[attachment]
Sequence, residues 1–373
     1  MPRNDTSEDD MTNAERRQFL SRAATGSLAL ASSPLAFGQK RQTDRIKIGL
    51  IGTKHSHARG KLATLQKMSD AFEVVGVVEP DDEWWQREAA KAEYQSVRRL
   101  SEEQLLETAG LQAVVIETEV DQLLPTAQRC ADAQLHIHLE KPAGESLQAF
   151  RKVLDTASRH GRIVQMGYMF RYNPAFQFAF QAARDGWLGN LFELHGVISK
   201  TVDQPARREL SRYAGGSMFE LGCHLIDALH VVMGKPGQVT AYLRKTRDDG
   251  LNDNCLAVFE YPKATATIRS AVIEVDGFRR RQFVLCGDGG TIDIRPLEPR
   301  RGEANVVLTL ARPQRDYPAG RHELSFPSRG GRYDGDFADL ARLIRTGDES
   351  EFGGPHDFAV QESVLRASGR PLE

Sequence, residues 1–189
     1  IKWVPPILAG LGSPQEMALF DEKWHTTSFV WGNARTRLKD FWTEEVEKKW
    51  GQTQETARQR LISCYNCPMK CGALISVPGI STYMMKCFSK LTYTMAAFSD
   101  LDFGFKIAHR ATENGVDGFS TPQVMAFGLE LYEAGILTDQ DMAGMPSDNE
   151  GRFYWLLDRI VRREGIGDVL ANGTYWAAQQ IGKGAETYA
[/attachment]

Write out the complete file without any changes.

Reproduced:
Sequence, residues 1–373
     1  MPRNDTSEDD MTNAERRQFL SRAATGSLAL ASSPLAFGQK RQTDRIKIGL
    51  IGTKHSHARG KLATLQKMSD AFEVVGVVEP DDEWWQREAA KAEYQSVRRL
   101  SEEQLLETAG LQAVVIETEV DQLLPTAQRC ADAQLHIHLE KPAGESLQAF
   151  RKVLDTASRH GRIVQMGYMF RYNPAFQFAF QAARDGWLGN LFELHGVISK
   201  TVDQPARREL SRYAGGSMFE LGCHLIDALH VVMGKPGQVT AYLRKTRDDG
   251  LNDNCLAVFE YPKATATIRS AVIEVDGFRR RQFVLCGDGG TIDIRPLEPR
   301  RGEANVVLTL ARPQRDYPAG RHELSFPSRG GRYDGDFADL ARLIRTGDES
   351  EFGGPHDFAV QESVLRASGR PLE

Sequence, residues 1–189
     1  IKWVPPILAG LGSPQEMALF DEKWHTTSFV WGNARTRLKD FWTEEVEKKW
    51  GQTQETARQR LISCYNCPMK CGALISVPGI STYMMKCFSK LTYTMAAFSD
   101  LDFGFKIAHR ATENGVDGFS TPQVMAFGLE LYEAGILTDQ DMAGMPSDNE
   151  GRFYWLLDRI VRREGIGDVL ANGTYWAAQQ IGKGAETYA